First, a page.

On below image you can find the specific risks that each letter of credit party has to bear.

Applicant | Confirming Bank | Beneficiary | Issuing Bank | Nominated Bank | Risks

Applicant's Risks in Letters of Credit: Applicant is the importer in a commercial letter of credit transaction. Applicant's risks in a letter of credit transaction can be classified under shipment risks, issuing bank's failure risk and fraud risks.
  • Risks Related to Shipments: Short shipments, shipments of under quality goods and late shipments risks fall in this category.
  • Failure of the Issuing Bank: Failure of the issuing bank may result a double payment risk to the applicant. In case the issuing bank failed to pay the L/C amount, applicant may have to pay the credit amount to the beneficiary outside of the letter of credit, even if the applicant already paid the credit amount to the issuing bank.
  • Fraud Risks: Applicants are exposed to fraud risks, that are commonly originated from the acts of the beneficiaries. This scenario becomes reality if the beneficiary gets his money from the confirming or issuing bank against forged documents. 
Beneficiary's Risks in Letters of Credit: Beneficiary means the party in whose favor a credit is opened. Beneficiary's risks in a letter of credit transaction can be classified under discrepant documents risks, fraud risks, non-payment risks (due to sanctions, political risks etc.)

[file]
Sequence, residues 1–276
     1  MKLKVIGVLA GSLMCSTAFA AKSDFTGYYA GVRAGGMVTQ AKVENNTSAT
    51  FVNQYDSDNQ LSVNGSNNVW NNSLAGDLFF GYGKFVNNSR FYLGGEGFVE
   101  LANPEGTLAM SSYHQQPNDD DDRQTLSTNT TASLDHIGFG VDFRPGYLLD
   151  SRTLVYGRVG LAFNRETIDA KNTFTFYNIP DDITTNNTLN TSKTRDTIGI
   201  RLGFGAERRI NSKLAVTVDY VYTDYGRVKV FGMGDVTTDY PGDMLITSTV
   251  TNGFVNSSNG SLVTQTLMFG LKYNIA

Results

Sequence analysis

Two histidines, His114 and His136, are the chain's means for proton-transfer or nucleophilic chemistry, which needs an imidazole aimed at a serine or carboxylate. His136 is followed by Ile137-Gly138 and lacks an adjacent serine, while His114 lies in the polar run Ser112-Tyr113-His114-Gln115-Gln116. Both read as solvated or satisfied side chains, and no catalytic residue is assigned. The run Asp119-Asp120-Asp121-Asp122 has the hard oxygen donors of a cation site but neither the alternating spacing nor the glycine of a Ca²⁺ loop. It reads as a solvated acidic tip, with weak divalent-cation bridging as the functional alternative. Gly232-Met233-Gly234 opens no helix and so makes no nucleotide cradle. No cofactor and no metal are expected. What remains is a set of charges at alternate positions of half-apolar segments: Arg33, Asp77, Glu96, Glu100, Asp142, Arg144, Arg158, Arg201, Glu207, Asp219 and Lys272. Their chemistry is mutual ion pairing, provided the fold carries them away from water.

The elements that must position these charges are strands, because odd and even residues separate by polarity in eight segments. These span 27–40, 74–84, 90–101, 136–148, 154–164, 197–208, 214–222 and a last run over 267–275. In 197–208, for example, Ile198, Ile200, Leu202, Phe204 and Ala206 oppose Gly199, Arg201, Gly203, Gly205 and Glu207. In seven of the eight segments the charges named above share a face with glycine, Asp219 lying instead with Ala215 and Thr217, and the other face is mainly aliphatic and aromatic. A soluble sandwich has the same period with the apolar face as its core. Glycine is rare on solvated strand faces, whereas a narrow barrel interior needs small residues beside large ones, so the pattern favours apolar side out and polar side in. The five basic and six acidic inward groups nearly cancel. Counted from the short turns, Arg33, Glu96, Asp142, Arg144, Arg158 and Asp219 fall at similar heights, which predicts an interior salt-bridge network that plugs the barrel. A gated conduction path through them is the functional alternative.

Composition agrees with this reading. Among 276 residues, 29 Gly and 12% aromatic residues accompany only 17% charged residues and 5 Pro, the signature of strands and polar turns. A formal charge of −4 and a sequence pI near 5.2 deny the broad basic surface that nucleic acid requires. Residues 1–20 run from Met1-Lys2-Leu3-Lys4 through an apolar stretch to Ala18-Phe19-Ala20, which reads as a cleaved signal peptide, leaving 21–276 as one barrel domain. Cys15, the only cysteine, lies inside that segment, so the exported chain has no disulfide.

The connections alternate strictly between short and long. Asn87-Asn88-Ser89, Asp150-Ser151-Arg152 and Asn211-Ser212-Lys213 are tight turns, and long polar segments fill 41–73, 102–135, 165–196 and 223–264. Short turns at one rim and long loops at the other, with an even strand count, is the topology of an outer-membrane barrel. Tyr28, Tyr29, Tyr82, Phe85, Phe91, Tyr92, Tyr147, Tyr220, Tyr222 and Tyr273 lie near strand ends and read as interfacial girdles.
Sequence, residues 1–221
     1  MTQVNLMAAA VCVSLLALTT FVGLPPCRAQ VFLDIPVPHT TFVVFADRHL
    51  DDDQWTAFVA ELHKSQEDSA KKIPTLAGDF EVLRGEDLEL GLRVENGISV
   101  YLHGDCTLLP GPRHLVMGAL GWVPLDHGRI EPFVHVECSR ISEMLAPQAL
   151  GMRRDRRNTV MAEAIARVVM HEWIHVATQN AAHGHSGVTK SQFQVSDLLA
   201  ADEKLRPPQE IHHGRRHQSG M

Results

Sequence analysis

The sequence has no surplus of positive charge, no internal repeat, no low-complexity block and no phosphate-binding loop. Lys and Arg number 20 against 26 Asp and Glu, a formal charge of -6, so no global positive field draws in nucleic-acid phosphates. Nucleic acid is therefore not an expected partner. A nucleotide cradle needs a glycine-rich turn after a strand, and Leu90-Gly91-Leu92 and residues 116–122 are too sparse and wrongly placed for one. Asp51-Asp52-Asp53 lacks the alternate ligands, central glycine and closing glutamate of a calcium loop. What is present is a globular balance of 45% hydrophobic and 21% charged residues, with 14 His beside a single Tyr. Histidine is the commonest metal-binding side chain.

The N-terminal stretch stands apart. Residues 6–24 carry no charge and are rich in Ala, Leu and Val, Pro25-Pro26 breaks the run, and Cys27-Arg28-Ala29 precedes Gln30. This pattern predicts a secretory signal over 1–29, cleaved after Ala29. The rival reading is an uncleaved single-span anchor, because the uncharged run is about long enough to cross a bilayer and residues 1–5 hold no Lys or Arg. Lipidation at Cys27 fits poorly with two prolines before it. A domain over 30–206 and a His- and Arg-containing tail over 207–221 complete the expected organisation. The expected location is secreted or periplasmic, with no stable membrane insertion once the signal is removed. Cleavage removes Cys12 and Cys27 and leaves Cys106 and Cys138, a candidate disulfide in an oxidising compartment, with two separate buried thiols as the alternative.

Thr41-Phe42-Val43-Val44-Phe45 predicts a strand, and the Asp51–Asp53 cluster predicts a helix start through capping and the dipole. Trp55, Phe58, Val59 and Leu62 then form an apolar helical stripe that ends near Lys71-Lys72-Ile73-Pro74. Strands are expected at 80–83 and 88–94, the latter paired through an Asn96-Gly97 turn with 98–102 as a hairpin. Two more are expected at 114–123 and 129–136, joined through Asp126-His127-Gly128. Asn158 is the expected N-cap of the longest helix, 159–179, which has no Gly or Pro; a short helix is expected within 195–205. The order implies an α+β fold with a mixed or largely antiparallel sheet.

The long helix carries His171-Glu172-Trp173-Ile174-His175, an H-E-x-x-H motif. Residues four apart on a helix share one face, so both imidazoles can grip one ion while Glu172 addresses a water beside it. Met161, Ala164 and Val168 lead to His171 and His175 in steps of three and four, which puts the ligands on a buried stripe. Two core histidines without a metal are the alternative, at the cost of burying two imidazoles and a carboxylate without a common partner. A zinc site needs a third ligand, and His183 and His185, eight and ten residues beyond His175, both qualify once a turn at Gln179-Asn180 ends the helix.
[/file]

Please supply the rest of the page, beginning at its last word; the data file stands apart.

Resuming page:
• Discrepant Documents Risks: If the banks figure it out that the documents are discrepant, then beneficiaries can only reach the payment upon applicant's acceptance of the documents. 
  • Fraud risks: Applicants can receive funds under letters of credit via forged documents by shipping under quality goods or even worse shipping nothing at all. 
  • Non-Payment Risks (Due to Sanctions, Political Risks etc.): Beneficiaries make sure that they comply with the international regulations including UN, EU and US embargoes.   
Issuing Banks's Risks in Letters of Credit: Issuing bank is the entity, which gives the main conditional payment guarantee to the beneficiary. As a result, issuing bank is more vulnerable to the risks in letters of credit transactions than any other parties involved.
  • Insolvency Risk of the Applicant: Issuing bank may not be able to recover the credit amount that has already paid to the beneficiary, if applicant becomes insolvent after issuance of the letter of credit.
  • Fraud Risks: Beneficiary and applicant may act together to scam issuing banks under letter of credit transactions.
  • Political Risks: Issuing bank may not be able to honor its payment obligation due to various political risks. Most recent examples are sanction clauses inserted into letters of credit.
Confirming Bank's Risks in Letters of Credit: Confirming bank means the bank that adds its confirmation to a credit upon the issuing bank's authorization or request. 
  • Non-reimbursement Risks: A confirming bank is irrevocably bound to honor or negotiate as of the time it adds its confirmation to the credit. A confirming bank's main risk is the non-reimbursement risk, which means that the confirming bank could not get the credit amount from the issuing bank, although it has already paid it to the beneficiary.